can anyone recommend a good place to get a basic haircut in NYC midtown west? My usual spot is in a neighborhood far from where I now live and work and I am too lazy to keep going there when I think I could get a trim/long layers pretty much anywhere. Thanks!

  17. I’d also like to expand the original question for my situation: I’m a young female engineer at a cement plant. The location of my office in the middle of the plant requires me to wear steel-toe boots, hard hat, safety glasses, and reflective vest just to get to my desk. I might spend all day at my desk, or I might spend part of the day out in the plant, getting dusty, and I can’t always predict which it will be. Everyone wears jeans, from the plant manager on down the chain of command, because it’s a dirty environment. The other engineers and managers wear jeans and polo shirts or button-up shirts. There are several women in the front building who don’t have to wear the safety gear just to get to their office. There’s only one other woman with a similar job title who also has to don the safety gear daily, but once she gets to her office, she really never goes out in the plant much.

    I usually stick with 5-pocket bootcut jeans from Old Navy. In the winter, I can wear a sweater or slightly nicer top, since it can be protected by a jacket if I’m out in the plant, but I struggle with what to wear in the summer since our 90s+ temperatures pretty much limit me to one layer. I wear a nice watch and bracelets that can be removed if necessary, but I stay away from other jewelry. I use my nails as my major form of self-expression – I keep them short and round, but I can be bold when it comes to color. Any other tips for bringing a little femininity to the table, while also dressing practically and avoiding clothing I don’t want to ruin?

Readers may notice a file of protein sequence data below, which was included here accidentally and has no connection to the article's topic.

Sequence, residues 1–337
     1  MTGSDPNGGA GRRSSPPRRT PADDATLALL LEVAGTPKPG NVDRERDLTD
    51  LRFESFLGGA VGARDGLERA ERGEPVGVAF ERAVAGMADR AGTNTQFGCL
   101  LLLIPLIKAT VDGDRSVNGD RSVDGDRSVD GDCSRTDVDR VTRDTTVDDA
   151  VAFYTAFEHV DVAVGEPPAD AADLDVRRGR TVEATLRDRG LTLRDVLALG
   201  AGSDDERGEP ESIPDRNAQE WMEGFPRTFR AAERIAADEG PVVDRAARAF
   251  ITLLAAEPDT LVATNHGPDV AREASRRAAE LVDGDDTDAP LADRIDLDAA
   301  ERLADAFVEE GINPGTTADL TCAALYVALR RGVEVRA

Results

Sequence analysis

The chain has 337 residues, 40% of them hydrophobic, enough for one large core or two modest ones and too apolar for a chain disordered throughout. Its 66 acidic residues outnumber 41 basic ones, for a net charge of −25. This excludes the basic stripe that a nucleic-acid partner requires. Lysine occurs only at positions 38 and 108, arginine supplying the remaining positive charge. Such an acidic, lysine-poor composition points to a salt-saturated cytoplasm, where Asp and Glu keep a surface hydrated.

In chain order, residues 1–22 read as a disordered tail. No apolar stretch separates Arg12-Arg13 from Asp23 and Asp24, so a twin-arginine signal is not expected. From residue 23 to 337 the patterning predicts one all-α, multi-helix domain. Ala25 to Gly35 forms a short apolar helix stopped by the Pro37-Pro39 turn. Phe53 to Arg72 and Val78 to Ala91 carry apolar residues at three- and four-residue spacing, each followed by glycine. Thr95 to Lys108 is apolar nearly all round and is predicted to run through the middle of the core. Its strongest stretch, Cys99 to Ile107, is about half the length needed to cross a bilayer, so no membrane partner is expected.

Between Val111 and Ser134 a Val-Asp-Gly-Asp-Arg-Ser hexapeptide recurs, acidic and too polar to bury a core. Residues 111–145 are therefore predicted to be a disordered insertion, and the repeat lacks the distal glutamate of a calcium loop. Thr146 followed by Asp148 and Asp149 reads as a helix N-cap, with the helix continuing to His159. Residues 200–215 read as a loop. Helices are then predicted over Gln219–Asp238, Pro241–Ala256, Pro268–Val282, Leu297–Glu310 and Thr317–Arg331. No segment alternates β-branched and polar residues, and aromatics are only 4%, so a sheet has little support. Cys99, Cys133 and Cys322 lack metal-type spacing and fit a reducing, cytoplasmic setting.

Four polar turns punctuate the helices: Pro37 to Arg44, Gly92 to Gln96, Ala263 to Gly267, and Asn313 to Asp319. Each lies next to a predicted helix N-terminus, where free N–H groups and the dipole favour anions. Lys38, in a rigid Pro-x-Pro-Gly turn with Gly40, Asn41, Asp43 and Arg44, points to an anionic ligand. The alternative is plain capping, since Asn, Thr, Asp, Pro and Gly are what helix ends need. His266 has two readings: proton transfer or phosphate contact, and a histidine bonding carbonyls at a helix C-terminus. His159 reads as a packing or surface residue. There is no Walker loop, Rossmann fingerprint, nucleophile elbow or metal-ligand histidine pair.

• Could you wear a cute, but washable, lightweight blouse in the summer? I don’t work in a plant like that but am often on construction site and cute breezy summer button downs are my go to. I’ve gotten a few from jcrew over the years that I really like.

      I think loose and flowy would be better in this environment than anything structured given how hot and sticky it must be on the plant floor.

    • Colors. Bright colored t-shirts and blouses for the summer. Maybe swap out the shoelaces of your boots for something bright, too? My field clothes (or plant clothes) are strictly for the field. I don’t want the particulates or whatever else mixing in with the rest of my clothes – I wash and store them separately.

      Also, what kind of steel-toed boots do you wear? I need to order a new pair.

      • Meg Murry :

        Women’s steel toed shoes & boots are the worst thing to shop for, ever. Anyone want to take up the shopping challenge for shoes that are:
        1) Steel toe
        2) Not butt ugly
        3) Comfortable enough to stand and walk briskly in for 8+ hours a day
        4) Not 1000 pounds (Doc Martens, I’m looking at you)
        5) Leather (no non-leather tennis shoe style allowed at my job, even though they’re the least uncomfortable)